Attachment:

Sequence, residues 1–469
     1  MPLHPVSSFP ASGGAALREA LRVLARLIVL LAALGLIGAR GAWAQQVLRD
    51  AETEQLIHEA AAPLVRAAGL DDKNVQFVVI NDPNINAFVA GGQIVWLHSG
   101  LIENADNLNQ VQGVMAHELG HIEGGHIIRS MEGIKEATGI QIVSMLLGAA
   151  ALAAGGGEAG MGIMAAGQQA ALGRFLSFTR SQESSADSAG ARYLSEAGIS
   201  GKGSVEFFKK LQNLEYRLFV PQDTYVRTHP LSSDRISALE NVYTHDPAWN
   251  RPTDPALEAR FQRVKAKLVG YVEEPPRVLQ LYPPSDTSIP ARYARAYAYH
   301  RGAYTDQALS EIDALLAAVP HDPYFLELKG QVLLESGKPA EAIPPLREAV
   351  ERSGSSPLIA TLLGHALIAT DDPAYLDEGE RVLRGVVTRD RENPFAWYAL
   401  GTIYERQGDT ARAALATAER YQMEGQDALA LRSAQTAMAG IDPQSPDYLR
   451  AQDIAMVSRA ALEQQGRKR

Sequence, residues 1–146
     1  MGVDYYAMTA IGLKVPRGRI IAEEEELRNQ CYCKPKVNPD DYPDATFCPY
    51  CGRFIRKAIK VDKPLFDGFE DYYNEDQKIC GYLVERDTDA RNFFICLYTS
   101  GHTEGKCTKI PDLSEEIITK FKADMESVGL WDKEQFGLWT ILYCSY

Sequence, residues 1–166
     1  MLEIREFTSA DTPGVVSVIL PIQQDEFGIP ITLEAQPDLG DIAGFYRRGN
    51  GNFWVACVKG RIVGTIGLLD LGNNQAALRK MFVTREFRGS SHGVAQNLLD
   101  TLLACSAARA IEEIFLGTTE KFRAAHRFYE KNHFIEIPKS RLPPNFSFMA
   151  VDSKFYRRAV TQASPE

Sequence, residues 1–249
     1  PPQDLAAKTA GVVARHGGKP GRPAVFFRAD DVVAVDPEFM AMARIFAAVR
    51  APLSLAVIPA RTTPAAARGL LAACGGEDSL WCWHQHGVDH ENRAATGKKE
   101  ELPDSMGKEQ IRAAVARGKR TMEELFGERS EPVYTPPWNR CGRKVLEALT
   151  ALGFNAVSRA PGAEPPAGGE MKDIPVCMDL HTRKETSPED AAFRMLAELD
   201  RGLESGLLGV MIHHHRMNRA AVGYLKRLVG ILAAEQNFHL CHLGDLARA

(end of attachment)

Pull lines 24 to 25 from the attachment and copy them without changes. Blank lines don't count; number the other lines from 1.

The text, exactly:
   101  ELPDSMGKEQ IRAAVARGKR TMEELFGERS EPVYTPPWNR CGRKVLEALT
   151  ALGFNAVSRA PGAEPPAGGE MKDIPVCMDL HTRKETSPED AAFRMLAELD